about 30 years ago me and my wife worked in "N" gauge
but have done nothing since.
(Any value in boxed Graham Farish stock from that era?)
Now we're thinking of starting again but in the garden as that's
what we've been doing since.
What's the best bet? G scale looks so toy-like and
expensive. Is 16mm the way to go?
Farish never seems to have become 'collectable' to the same extent as other
makes, so I guess you're not sitting on any significant value.
The best way to assess its value is to put it on eBay and see what it makes!
Sure, go for garden railway in the summer -- and OO or N in the winter. ;-)
16mm is almost entirely a scratchbuilding and kitbuilding scale, but I
suppose you wish to model the Welsh narrow gauge on 32mm track. If so,
go for it.
OTOH, G gauge has a huge variety of material available, mostly European
(LGB et al) and American narrow gauge (because of the large market
there.) Assuming you have the cash, you can a garden layout built pretty
quickly using G, as you would have relatively more time to lay track.
Search on "garden railways" -- you will get enough hits to keep you busy
for several hours if not days, but it will clarify the situation, and
(maybe) thereby make your choice easier.
16mm maybe, but I find a fair proportion of the stuff sold to be just as
toylike as LGB. There is some stunningly good 16mmNG UK outline, but a fair
bit of duff as well.
If you fancy scratchbuilding and a bit of light-weight model engineering,
its got a lot to recommend it.
For buying trains, I'd look wider than the UK. A friend has an extensive
garden railway using US outline narrowgauge, typically Bachman stuff. Its
incredibly cheap for the quality.
OO is marginally practical in the garden with careful baseboard
O and I are practical, again with careful baseboard construction.
G/16mm can be laid on a prepared base at ground level in the garden.
III also can be laid in a prepared base.
About now you have to decide what sort of trains/railway you want to
In article , Peter writes
It's most likely to be settled by what sort of trains, or what sort of
prototype you want to model.
I went 45mm gauge and G-scale because I wanted conventional track power
and needed 2-ft radius curves in my small courtyard garden.
Nothing bigger than a 2-4-0 and short 4-wheel coaches might not be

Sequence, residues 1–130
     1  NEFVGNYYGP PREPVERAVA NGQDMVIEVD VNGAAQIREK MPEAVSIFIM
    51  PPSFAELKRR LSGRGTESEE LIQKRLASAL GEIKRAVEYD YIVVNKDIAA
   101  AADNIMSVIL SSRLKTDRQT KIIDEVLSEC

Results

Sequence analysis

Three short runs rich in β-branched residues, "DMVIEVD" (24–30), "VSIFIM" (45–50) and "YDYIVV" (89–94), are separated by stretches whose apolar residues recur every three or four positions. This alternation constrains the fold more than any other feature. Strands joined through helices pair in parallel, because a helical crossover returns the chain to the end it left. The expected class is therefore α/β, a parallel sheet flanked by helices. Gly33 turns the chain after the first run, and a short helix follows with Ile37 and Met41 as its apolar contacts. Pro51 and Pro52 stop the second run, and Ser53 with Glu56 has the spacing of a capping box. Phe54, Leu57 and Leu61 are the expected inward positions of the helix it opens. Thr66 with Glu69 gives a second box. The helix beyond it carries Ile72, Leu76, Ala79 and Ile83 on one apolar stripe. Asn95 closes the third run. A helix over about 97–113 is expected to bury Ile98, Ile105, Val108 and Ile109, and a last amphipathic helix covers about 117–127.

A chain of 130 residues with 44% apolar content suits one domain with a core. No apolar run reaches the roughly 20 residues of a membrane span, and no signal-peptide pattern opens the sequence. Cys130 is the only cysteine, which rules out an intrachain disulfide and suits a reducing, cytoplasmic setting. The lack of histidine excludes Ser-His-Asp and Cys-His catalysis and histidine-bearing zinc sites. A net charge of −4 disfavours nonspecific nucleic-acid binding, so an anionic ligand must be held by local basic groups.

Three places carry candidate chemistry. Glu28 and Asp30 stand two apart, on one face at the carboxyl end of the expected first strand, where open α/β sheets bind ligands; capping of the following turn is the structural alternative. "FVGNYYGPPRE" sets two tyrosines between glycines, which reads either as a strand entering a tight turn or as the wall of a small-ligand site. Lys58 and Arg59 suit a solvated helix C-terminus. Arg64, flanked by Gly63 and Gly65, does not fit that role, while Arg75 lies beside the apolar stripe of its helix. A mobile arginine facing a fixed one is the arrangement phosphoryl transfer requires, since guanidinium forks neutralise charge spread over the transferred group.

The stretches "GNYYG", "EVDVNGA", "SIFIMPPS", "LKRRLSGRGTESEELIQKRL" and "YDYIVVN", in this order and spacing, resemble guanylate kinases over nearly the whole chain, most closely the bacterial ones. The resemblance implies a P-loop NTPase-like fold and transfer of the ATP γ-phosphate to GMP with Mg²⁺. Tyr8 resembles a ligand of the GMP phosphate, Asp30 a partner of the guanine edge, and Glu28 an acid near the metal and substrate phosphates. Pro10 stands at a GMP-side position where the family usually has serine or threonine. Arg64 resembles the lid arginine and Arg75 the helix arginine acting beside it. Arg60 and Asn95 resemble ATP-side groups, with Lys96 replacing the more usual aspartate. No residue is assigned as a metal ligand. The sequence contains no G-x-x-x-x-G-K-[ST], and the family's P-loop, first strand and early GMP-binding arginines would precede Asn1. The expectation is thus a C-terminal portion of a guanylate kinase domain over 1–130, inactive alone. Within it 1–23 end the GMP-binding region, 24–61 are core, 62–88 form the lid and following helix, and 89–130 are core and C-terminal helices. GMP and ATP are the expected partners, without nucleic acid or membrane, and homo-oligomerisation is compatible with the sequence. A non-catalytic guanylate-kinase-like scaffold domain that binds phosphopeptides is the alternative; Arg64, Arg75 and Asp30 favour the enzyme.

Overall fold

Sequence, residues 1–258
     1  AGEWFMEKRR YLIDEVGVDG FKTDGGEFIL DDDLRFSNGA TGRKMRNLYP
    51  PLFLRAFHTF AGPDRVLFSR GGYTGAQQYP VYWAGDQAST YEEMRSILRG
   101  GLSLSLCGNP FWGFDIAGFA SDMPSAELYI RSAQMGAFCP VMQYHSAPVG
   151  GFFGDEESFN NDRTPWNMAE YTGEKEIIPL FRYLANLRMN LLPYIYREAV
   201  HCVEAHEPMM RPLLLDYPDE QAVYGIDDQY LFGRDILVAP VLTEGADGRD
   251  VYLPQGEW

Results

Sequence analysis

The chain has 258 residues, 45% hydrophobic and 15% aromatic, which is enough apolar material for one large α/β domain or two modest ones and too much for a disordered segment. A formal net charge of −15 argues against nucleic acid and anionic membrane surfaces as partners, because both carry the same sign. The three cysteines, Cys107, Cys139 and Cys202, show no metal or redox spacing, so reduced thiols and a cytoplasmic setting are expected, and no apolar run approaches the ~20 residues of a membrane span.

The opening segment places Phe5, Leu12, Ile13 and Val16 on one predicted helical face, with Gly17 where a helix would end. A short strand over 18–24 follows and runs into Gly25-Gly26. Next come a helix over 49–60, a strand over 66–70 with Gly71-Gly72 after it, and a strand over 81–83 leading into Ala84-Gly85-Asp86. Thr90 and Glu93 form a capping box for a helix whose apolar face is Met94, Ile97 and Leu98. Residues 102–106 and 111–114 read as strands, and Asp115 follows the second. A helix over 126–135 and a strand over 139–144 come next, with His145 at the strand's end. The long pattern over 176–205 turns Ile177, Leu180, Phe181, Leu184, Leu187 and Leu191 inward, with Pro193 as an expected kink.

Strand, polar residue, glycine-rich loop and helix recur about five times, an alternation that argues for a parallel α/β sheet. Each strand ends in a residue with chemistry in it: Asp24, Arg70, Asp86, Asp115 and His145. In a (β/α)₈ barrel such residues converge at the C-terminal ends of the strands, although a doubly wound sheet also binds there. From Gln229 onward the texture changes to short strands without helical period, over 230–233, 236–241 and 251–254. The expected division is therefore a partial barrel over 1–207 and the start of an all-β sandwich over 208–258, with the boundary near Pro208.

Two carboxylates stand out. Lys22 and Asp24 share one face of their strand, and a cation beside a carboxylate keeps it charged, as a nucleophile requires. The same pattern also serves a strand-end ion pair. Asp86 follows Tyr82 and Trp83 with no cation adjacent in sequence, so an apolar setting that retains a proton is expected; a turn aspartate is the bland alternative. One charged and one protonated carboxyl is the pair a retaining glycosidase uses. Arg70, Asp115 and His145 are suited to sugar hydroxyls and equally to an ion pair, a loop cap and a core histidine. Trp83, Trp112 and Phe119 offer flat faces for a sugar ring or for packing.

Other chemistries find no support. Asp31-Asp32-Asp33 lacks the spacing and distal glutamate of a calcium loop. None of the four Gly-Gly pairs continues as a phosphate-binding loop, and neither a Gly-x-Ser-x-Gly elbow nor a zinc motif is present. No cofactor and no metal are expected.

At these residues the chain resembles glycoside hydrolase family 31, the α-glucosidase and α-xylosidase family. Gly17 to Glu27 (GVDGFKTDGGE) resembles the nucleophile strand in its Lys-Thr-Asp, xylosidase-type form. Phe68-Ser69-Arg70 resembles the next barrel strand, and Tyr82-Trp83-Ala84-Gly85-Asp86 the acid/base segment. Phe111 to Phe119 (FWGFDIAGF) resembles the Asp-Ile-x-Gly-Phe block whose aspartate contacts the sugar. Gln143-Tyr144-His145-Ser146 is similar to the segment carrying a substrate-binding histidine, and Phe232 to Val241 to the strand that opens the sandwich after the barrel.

everyone's taste either, but running large locos and coaches would have
looked horrible to my eye.
I now have a couple of live-steam locos, but they really need easier
curves and more room to be happy. I'm moving to a new area, and there I
will be able to have at least a 3ft minimum radius, and maybe 4ft.
On toy-like: yes it can be (but if that's what makes people happy..)
But since I wanted UK trains, I tend to add my own or kit bodies to
German or American chassis.
Have a look at what's available at the Garden Railway Specialists
website for example.
IP engineering, who offer kits and bits for both gauges:
My locos tend to be very cheap, being converted from basic LGB or
Playmobil locos, often acquired second-hand on eBay.
Another factor may be what's more popular in your area, if you fancy
people helping out, or dropping round.
(Though 16mm folk and g-scalers are not at daggers drawn, at least in
most parts of the country!)
In the bottom right folder at the site below there are some pictures of
my g-scale stock and my recently deceased garden line.
Do contact me by e-mail if you wish, and I may be able to suggest other
"Greg Procter" wrote
Wasn't there a feature in RM some years ago covering a OO-gauge garden
railway built at ground level? I seem to recall it had some near-scale size
power station cooling towers.
In message , Peter writes
Two other things:
Whatever you decide, do let us know how you are getting on. And it would
be nice if you can find somewhere to post some pictures (either your own
web pages, or on one of those sites that lets you post pictures).
Don Jones of Sutton Colefield- I went to see it about 20 or more years ago,
when he used to have a charity open day every summer.
You might also want to look at :-
you haven't already.
I started to build an outdoor line at my parent's house in S W Wales about
35 years ago, which ran reasonably well, considering we had both a
steelworks and the sea at the end of the street to 'weather' the rail
surface. Modern stock has much better mechanisms, and so should present no
major difficulties- for us, 'state of the art' was a double-motored Hornby
Hymec, which drew about 2.5 Amps. Any badly- fitting railjoiners would hiss,
arc, and sometimes even smoke when that beast was in section, whilst the H&M
Duette radiated enough heat to keep the shed warm.
They appear from time to time, about once a decade from memory. (In RM)
There was one in the late sixties/early seventies (Sunlander or
something) which had two termini indoors on opposite walls of a room and
a double track mainline looping out into the garden and back. It had the
advantages of indoor modelling and no turnouts outdoors but a reasonable
length outdoor run.